Population Near Ground Zero Doubles Since 2000Mar 30, 2011
After the Sept. 11 attacks, there were grim questions about the future of the shaken, dust-covered neighborhoods around the World Trade Center. Would residents flee uptown or to the suburbs? Would the epic job of rebuilding lower Manhattan be too much to bear? Who would want to live so close to a place associated with such horror?
As it turns out, plenty of folks.
Census figures released last week show that the number of people living near ground zero has swelled by about 23,000 since 2000, making it one of the fastest-growing places in the city. Virginia Lam, a publicist and former City Hall operative who moved into a newly converted residential building on Wall Street in 2006, said the site is a source of inspiration, rather than fear or gloom.
“It’s pretty amazing,” she said of the new towers rising from the 16-acre hole created by the attacks. “I feel like, being a New Yorker who was here on 9/11, and who has worked for the Fire Department and for the city, I think it is always in the back of my mind, but it’s not something that dominates my thinking. I go about living my life.”
About 45,750 people now live in the part of Manhattan south of Chambers Street, which encompasses ground zero. That is more than twice as many as there were during the last census. There was also significant growth a little farther uptown. In all, 82,137 people were counted as living south of Canal Street, 15 blocks north of the trade center. That is an increase of 43 percent from 2000 in an area that includes the Financial District, Battery Park City, a section of tenement-packed Chinatown and the celebrity-studded streets of TriBeCa, which is short for “Triangle Below Canal.”
The change around Wall Street has been especially remarkable given the area’s history as a financial hub, rather than a residential district.
One by one, bank headquarters have moved elsewhere, and millions of square feet of office space have been converted to homes – a change spurred partly by government incentives intended to help revive downtown after Sept. 11.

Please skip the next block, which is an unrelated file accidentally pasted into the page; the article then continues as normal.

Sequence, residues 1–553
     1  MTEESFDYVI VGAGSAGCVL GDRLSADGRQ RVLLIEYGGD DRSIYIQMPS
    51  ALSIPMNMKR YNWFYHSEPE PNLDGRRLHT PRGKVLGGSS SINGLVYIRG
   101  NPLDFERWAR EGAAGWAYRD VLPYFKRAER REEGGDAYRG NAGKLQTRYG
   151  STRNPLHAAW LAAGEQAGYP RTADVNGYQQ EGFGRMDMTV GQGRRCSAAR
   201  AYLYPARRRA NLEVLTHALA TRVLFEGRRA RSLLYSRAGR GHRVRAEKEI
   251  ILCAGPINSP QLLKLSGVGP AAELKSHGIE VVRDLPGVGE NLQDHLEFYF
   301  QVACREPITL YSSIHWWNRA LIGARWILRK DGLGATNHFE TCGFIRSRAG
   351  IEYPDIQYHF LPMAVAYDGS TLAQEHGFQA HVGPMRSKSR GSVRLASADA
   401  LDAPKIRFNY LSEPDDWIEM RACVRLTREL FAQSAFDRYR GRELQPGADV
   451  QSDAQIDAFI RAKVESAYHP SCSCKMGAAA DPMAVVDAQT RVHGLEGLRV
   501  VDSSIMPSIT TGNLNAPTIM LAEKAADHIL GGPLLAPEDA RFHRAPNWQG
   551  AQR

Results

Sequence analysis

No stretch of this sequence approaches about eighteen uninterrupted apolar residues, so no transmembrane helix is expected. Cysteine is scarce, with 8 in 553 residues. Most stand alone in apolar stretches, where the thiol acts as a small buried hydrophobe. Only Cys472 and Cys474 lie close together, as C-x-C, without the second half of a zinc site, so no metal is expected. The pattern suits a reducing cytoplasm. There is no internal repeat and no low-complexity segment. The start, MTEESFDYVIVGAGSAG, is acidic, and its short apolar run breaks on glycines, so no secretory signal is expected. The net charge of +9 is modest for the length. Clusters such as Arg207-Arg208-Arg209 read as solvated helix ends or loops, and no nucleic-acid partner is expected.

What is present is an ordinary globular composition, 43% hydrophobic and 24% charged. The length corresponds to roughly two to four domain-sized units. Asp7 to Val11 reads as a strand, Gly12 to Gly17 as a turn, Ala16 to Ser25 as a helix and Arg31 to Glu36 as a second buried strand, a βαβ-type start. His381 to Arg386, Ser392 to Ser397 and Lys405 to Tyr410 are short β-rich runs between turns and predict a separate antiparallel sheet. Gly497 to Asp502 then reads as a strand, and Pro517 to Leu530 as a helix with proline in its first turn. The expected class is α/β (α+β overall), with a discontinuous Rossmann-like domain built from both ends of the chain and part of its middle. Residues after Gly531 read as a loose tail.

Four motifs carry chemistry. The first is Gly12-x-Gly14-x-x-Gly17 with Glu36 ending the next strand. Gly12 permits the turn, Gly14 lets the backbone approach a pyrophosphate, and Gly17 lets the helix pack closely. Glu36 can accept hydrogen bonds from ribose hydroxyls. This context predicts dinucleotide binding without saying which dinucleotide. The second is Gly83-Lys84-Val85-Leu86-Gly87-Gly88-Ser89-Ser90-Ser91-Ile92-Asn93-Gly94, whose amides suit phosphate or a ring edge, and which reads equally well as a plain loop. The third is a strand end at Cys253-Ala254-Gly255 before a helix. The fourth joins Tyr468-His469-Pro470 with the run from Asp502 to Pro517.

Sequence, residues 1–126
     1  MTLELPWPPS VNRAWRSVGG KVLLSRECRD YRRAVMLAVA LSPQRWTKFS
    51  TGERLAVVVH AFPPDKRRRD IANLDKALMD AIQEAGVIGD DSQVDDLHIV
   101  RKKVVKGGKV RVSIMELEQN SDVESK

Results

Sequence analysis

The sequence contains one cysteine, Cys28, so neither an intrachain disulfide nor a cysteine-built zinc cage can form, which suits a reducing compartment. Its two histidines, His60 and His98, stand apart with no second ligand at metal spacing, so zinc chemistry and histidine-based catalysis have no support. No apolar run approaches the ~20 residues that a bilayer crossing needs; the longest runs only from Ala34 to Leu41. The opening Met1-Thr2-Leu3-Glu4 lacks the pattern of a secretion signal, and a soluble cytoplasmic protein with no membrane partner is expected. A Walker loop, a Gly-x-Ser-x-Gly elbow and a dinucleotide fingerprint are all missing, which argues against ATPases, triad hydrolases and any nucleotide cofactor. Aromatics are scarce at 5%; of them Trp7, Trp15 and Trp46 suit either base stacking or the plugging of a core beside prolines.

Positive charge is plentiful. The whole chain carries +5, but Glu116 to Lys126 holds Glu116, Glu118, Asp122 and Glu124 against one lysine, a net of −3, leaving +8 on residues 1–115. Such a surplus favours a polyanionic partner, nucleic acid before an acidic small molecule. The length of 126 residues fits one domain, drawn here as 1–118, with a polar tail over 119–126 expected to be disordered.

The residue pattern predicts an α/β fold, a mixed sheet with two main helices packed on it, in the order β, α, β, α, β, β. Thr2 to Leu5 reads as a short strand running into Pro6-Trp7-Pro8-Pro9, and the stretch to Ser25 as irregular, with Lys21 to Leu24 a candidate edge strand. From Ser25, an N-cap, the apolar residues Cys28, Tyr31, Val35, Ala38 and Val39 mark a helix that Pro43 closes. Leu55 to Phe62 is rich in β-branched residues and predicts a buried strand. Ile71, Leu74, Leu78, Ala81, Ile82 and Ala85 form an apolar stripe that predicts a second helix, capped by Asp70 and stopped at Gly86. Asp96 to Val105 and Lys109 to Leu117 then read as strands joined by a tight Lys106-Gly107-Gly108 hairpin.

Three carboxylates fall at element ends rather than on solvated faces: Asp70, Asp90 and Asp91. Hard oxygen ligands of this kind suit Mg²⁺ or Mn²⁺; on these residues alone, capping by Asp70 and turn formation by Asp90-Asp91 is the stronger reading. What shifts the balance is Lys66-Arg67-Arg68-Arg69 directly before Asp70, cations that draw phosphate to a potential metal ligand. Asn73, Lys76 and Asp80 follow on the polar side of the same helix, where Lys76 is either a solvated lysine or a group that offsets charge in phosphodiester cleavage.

“It’s astounding,” said Julie Menin, head of the local community board. “Many people thought after 9/11 that people wouldn’t remain in Lower Manhattan. Not only did people stay, they came in droves.”
New Yorkers have been well aware of the change. In the shell-shocked months after the attacks, the Financial District became a ghost town when workers left for the day. Now it is teeming with people around the clock. Grocery stores have opened. Three new schools have opened up in four years. Briefcase-carrying stockbrokers now share sidewalk space with kids in strollers. A string of new apartment towers has been built along West Street, a short distance from the trade center site.
The area isn’t finished growing, either. Near the foot of the Brooklyn Bridge, work was recently completed on the tallest apartment tower in the Western Hemisphere, a 76-story, 900-unit skyscraper designed by the architect Frank Gehry.
Growth downtown has far exceeded the rate elsewhere in the city. The 2010 census put the city’s population at 8.18 million, up 2.1 percent from 2000. People have been lured to Manhattan’s southern tip by a number of things. Battery Park City, the planned community created on landfill at the edge of the Hudson River in the 1980s, is cut off from the car traffic that surges through the rest of Manhattan and is ringed by playgrounds and esplanades with exhilarating views of the harbor.
Before the attacks it was a work in progress, with a large section still unbuilt. Over the past decade, though, it has matured and filled up, finally becoming the community its designers envisioned in the 1970s.
Several of the area’s public schools have a solid reputation. The area still isn’t on par with other parts of the city when it comes to amenities like street parking or places to buy fresh vegetables, but things have been improving. New Battery Park City resident Theresa Purcell said its isolation – it is one of the few places in the city that really feels as if it is on an island – is one of the things that attracted her.”It is like a hidden little community,” she said. “You are in the big, bad city,” but still a “little world away.”
Across much of the area, there are few remaining signs of the damage done by the terror attacks. Even the tumult of construction at the trade center site barely interrupts the daily flow of residents, office workers and tourists through the neighborhood.
“People should be proud of the fact that we rebuilt this neighborhood,” Menin said. New Yorkers could have abandoned their experiment in downtown living after 9/11, but it didn’t happen. “I think just the opposite happened. It proved our resilience.”